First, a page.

Risotto takes a bit of time to make – I usually schedule about an hour from start to finish, as I like to baby it along.  A long slow simmer of the rice and stock is the key to a lush creamy risotto.  I also tossed in a cipollini onion – and honestly, if you can find these in your market, I encourage you to use one to make this dish.  Cipollinis become caramel rich when they are cooked (and even better – when they are cooked in butter), making them a perfect complement to the mushrooms.

triple mushroom truffle risotto

triple mushroom truffle risotto

triple mushroom truffle risotto

I think my triple mushroom and truffle recipe would do Ignis proud.

Triple Mushroom and Truffle Risotto

Ingredients

    For the mushrooms
  • 2 tablespoons butter
  • 1/2 onion, finely diced
  • 1/2 teaspoon salt
  • 3 types of mushrooms, chopped. (About 2 cups of mushrooms, total)
  • 1/4 cup white wine or dry Vermouth
  • For the risotto
  • 2 tablespoons butter
  • 1/2 onion, finely diced
  • 1 cup arborio rice
  • 1/4 cup white wine or dry Vermouth
  • 5 cups vegetable or chicken stock
  • 1/2 teaspoon salt
  • 1/4 - 1/2 cup truffle cheese, grated (or Parmesan or Asiago cheese)
  • Truffle oil to finish

Instructions

    For the mushrooms
  1. In a small saucepan, melt 2 tablespoons of butter. Add the diced onion and saute until the onions are soft and translucent. Add the mushrooms and saute for a minute. Add the white wine or dry Vermouth and salt, and saute until all the liquid has cooked off. Set aside.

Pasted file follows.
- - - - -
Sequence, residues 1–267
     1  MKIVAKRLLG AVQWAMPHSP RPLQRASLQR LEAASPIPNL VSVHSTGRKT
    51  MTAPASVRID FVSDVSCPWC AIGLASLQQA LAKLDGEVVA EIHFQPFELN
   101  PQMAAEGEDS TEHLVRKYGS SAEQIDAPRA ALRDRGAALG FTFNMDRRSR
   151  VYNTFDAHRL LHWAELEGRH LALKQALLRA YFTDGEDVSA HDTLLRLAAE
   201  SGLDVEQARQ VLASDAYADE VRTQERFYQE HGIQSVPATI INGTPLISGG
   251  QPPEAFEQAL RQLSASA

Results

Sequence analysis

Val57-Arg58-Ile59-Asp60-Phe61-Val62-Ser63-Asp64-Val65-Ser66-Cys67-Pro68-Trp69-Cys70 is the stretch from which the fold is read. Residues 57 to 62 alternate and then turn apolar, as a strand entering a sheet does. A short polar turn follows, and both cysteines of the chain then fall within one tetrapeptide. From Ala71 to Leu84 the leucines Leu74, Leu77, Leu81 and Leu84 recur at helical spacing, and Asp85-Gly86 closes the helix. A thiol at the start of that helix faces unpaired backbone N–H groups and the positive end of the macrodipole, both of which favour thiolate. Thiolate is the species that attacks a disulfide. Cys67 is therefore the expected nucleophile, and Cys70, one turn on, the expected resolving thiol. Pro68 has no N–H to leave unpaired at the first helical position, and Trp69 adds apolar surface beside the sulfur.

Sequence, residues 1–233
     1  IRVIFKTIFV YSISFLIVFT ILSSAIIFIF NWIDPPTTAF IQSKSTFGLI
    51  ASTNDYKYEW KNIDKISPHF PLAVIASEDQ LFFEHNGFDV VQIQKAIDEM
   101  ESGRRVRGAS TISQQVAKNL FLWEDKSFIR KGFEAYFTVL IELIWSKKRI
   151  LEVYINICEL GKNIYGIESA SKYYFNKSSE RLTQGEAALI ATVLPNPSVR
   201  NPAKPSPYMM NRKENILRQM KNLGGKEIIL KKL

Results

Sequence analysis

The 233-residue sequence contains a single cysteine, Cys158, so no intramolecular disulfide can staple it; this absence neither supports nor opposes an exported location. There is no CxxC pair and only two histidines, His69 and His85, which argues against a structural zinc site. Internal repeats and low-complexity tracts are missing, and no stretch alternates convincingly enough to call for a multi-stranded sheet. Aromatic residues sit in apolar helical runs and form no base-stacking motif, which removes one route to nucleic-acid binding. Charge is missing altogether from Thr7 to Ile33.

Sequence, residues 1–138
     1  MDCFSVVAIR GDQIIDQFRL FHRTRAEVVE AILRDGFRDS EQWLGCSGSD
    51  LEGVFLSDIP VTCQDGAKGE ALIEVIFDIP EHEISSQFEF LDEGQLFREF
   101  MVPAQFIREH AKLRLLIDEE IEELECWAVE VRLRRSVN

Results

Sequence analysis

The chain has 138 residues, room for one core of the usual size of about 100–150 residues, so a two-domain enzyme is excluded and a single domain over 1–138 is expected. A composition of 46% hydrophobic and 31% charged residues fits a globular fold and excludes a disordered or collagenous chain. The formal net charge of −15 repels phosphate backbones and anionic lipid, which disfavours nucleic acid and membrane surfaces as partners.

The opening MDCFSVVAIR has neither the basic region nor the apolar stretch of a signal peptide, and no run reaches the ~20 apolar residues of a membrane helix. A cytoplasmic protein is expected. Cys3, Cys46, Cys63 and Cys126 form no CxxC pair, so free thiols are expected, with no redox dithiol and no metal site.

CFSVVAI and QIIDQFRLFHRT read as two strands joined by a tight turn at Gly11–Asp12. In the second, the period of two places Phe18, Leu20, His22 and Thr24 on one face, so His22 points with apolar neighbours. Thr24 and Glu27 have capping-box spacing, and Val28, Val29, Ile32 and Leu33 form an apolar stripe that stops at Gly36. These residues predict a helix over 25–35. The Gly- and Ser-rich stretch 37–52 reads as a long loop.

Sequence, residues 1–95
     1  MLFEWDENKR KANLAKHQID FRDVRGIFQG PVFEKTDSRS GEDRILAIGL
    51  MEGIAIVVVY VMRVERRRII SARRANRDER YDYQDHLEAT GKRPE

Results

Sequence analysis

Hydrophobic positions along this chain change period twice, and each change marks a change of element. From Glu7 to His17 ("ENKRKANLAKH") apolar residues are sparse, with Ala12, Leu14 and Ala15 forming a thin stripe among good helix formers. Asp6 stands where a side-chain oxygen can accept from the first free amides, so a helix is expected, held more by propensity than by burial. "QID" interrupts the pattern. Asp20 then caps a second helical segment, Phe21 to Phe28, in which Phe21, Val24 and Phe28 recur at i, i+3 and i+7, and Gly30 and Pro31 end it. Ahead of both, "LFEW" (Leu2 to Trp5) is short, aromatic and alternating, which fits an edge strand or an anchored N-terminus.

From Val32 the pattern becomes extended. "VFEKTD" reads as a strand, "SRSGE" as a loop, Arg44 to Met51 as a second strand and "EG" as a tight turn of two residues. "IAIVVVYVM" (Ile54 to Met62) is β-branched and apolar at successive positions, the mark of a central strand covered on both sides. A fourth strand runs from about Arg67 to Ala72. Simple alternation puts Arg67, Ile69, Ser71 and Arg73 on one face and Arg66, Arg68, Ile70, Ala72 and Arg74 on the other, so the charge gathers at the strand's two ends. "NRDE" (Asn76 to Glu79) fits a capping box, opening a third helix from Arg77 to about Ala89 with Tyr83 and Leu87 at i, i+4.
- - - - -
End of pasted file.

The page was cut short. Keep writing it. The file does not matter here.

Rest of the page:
2. For the risotto
  3. In a small saucepan, bring the vegetable or chicken stock to a simmer. Leave simmering.
  4. Meanwhile, melt two tablespoons of butter in a medium saucepan. Add the onions and cook until they are soft and translucent. Add the Arborio rice and cook for a minute, stirring frequently. Add the white wine or dry Vermouth and stir until it is incorporated in the rice/onion mixture.
  5. Add the simmering stock, 1 cup at a time. Cook on a low simmer between each addition until the stock is mostly absorbed. This will take anywhere from 30 - 45 minutes. Continue to do this until all the stock is used and the risotto is al dente. Take off the heat and add the cheese and salt. Stir to incorporate. Add a dash of truffle oil.